My oldest daughter, Emma, turned 5 in January. To her, that meant a Star Wars birthday party with Princess Leia cupcakes and a Padawan Training Camp in which she got to throw water balloons at
Daddy Darth Vader and rescue Han Solo from carbonite.
But for me, the big oh-five comes with one major prize. KINDERGARTEN! Yes, I am that freak who gets nostalgic every August over spiral notebooks and three-ring binders. I could get high sniffing freshly sharpened pencils and loose leaf paper. I want to buy jean jackets and plaid skirts. I want to quiz her on spelling words. I want to chaperone a frickin field trip!
Honestly, it’s a good thing Matt was already married to me when he discovered this illness of mine.
Me: Oh my gosh, Honey, don’t you think this would be the most adorable backpack for her first day of Kindergarten?
Matt: You’re only 4 months pregnant. Maybe we should wait a few years.
I took Emma to her elementary school for her reading assessment last week. It was both her and my first time setting foot in the building. I dropped the other two kids at a friend’s house so my attention wouldn’t be divided when I talked to the teacher (thanks Dave!). As we pulled into the circle driveway in front of the school, I said, “This is it, baby. This is your school. Isn’t it wonderful?” In my rearview she gave me a smile and a nod.
After I parked, I climbed into the backseat (even though she doesn’t need help unbuckling). I put my hands on her cheeks and studied her eyes. “You’re such a big girl. I’m so proud of you.”
“Why?” she said.
“Because you’ve grown up so much! And in just a couple weeks you’ll be starting Kindergarten!”
“Mom, I’ve been growing up for like, my whole life.”
She’s right. Even my five-year-old recognizes the insanity of my zealousness. She’s been growing up every day since Matt and I conceived her. She grew from loving a plush doll baby named Duckie to playing dress up and princesses. She grew from looking so sweet in her matching baby outfits and pigtails to wanting nail polish and lipstick.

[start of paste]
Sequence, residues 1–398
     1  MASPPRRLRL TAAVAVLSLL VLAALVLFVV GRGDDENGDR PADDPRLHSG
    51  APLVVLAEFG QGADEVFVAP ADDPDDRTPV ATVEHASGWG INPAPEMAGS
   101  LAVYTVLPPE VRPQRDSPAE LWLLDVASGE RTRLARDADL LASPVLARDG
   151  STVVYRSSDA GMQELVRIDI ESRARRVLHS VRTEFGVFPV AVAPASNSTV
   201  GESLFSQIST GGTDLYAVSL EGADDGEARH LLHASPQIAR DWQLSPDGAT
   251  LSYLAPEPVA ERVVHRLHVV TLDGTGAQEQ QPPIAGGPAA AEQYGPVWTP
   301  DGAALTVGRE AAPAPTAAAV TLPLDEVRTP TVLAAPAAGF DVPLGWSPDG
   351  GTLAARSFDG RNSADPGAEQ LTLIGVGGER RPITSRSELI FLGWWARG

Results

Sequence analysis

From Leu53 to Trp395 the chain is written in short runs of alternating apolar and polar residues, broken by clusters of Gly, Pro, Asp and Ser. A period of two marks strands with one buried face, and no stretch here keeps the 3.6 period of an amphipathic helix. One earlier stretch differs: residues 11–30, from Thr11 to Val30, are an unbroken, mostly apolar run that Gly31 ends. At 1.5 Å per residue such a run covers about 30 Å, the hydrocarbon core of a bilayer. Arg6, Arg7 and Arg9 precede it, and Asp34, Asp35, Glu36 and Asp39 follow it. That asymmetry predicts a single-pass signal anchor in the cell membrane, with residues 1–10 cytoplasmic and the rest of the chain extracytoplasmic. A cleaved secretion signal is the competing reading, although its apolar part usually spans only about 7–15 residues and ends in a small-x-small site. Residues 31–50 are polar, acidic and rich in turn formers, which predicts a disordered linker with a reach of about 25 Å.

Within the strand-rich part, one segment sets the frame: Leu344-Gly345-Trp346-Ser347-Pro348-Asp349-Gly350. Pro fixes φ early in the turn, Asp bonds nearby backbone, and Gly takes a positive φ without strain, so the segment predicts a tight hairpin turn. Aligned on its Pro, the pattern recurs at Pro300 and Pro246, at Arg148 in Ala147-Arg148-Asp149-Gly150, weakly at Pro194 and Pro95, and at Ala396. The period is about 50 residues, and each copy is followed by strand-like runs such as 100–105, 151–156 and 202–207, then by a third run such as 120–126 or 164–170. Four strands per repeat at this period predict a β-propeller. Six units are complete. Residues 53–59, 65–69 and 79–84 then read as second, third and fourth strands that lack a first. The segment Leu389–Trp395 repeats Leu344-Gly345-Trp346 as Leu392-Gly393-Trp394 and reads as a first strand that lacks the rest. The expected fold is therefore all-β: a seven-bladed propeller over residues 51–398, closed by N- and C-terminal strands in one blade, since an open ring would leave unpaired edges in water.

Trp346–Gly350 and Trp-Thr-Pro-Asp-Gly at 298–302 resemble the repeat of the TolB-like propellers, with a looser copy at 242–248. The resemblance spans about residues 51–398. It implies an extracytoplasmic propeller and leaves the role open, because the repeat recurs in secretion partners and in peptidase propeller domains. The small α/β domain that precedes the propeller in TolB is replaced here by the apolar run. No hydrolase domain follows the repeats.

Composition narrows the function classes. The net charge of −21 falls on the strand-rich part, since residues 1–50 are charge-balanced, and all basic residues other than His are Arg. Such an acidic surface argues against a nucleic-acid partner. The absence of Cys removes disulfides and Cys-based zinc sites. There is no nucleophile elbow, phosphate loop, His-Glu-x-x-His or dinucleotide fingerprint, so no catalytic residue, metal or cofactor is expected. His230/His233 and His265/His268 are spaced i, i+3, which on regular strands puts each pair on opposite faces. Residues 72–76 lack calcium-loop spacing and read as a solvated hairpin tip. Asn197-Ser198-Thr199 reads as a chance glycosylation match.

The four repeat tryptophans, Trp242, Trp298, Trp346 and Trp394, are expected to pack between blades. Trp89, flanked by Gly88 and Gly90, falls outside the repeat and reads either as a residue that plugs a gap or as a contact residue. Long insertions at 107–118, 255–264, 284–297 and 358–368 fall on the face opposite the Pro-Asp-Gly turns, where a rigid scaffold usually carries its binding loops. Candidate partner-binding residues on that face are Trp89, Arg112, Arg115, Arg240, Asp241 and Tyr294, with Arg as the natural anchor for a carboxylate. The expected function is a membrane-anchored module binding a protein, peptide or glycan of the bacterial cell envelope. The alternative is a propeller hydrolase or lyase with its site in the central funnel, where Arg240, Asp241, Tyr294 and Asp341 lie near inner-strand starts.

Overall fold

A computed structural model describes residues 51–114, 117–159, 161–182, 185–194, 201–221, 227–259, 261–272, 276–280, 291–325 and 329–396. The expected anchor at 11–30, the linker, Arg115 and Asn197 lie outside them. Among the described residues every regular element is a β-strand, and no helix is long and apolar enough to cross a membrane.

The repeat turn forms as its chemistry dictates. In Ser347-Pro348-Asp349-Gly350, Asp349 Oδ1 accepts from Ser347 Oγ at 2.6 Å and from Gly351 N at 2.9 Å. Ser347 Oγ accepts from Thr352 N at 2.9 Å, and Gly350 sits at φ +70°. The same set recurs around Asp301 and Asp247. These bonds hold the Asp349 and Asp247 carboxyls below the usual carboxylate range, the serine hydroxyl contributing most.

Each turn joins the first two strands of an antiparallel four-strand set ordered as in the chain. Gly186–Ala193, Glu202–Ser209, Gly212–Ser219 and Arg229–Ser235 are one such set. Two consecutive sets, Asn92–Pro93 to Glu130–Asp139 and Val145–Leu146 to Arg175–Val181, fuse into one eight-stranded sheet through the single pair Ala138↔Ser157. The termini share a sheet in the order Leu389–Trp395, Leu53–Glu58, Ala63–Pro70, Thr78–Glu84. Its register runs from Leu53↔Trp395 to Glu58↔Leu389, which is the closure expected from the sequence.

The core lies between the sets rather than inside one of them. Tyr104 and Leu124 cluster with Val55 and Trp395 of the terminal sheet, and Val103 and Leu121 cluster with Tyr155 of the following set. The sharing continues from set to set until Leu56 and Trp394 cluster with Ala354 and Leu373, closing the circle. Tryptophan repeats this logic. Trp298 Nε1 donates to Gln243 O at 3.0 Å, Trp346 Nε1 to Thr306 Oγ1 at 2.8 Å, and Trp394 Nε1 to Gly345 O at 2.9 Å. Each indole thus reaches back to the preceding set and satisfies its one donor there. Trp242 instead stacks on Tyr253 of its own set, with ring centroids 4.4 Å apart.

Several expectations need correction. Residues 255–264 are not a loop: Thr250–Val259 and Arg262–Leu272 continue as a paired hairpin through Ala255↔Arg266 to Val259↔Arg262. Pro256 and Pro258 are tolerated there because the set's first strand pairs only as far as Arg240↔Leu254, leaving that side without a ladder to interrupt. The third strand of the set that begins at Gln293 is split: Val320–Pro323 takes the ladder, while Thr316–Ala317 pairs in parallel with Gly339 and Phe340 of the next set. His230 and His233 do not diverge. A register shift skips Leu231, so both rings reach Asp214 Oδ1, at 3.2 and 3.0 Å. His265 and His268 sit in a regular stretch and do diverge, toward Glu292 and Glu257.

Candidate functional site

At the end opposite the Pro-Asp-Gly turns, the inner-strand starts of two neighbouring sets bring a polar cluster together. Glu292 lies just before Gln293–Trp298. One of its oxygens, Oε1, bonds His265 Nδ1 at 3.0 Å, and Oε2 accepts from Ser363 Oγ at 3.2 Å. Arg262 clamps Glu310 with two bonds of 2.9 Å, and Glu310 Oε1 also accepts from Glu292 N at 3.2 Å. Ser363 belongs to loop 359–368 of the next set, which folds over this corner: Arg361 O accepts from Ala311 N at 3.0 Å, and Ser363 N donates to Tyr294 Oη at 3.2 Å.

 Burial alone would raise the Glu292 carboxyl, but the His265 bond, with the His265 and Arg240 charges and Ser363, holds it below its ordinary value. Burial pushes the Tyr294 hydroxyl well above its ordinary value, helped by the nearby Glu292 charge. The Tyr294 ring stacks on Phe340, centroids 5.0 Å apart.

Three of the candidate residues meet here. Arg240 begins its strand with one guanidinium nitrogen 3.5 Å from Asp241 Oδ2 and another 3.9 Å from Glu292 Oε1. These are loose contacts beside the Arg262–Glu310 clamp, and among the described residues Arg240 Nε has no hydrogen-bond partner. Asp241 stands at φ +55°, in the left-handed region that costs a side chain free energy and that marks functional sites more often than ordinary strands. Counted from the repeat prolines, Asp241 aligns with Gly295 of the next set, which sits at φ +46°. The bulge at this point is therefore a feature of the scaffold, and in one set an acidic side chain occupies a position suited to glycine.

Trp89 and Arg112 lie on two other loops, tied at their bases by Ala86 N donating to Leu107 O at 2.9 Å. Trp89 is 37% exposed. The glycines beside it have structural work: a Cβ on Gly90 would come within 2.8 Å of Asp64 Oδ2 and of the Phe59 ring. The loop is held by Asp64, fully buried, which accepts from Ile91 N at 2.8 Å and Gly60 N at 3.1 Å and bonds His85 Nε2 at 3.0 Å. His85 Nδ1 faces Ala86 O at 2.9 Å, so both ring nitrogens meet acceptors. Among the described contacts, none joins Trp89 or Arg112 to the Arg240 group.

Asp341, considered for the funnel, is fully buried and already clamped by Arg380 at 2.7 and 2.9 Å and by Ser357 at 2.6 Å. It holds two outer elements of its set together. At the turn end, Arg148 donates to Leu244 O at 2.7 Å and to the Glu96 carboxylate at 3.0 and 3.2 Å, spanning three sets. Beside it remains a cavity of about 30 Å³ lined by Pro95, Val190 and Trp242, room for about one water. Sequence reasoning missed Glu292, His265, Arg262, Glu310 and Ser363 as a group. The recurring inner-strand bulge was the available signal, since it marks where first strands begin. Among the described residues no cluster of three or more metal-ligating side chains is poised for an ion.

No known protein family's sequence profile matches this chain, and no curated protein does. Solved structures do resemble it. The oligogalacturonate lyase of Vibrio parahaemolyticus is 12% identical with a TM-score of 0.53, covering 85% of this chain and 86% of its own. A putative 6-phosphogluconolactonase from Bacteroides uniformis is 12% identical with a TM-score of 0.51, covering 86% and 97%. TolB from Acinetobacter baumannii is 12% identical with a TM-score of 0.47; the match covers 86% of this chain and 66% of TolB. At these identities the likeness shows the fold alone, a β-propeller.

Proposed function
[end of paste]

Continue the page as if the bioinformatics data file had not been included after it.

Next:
Emma can sit for hours in her bean bag chair reading Star Wars books. She fights with her sister over who gets to hold my iPhone and choose which P!nk song plays next. She goes on treasure hunt walks to find the prettiest rocks our neighborhood has to offer and collects them in a big plastic bucket that we keep in my office. She’s terrified of birds. She loves babies. (Sometimes she loves them a little too much. Hopefully her friends’ little sisters will forgive her for the smothering some day.)
And in less than a week, she will begin thirteen years of mandatory schooling. Probably more. (You better go to college, girl!) Five days a week, she’ll wake up early. She’ll get herself ready to go. She’ll take her princess backpack and her Star Wars lunchbox and that sweet, uninhibited mind of hers to a classroom. All day. She’ll spend 6 hours away from me. She’ll make new friends, learn math and spelling, trade lunches, learn to double-dutch, and grow up even more. When she gets home, she’ll have home work and permission slips. She’ll have responsibilities.
We came home from our beach trip last night, and for the past 16 hours or so I’ve been feeling like summer vacation is over, and today marks the beginning of the real countdown to Kindergarten. These next few days are the very last that Emma will spend as a true, free-wheeling, unaccountable kid.
She’s been telling me for a long time now that no matter how big she gets, she’s still going to live with me and Daddy. Even when she has her own babies. Her kids are going to sleep in the room she has now, and she’s going to sleep in my room with me. She’ll be married to Daddy, so we don’t need any extra space for her husband.
Right now, I’m ready to hold her to that.